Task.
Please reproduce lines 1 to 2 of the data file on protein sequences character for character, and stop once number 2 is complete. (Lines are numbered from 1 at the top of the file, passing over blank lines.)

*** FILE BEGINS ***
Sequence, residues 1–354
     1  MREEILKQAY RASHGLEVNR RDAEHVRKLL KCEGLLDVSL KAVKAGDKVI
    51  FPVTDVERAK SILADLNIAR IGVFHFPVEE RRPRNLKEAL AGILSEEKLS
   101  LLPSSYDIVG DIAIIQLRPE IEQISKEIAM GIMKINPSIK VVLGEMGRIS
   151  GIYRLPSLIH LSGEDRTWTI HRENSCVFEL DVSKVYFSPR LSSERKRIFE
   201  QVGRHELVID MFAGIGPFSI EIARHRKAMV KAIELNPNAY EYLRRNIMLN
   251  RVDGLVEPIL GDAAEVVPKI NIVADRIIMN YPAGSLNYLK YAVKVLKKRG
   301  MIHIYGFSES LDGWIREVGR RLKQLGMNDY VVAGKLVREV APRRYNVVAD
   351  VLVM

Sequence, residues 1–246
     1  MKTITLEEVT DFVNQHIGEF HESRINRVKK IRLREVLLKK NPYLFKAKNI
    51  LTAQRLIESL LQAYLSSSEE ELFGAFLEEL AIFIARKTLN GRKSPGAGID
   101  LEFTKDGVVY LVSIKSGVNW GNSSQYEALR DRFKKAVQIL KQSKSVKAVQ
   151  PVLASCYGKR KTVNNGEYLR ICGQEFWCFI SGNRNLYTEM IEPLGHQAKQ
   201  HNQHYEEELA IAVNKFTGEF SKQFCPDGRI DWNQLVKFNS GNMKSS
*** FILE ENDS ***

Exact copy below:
Sequence, residues 1–354
     1  MREEILKQAY RASHGLEVNR RDAEHVRKLL KCEGLLDVSL KAVKAGDKVI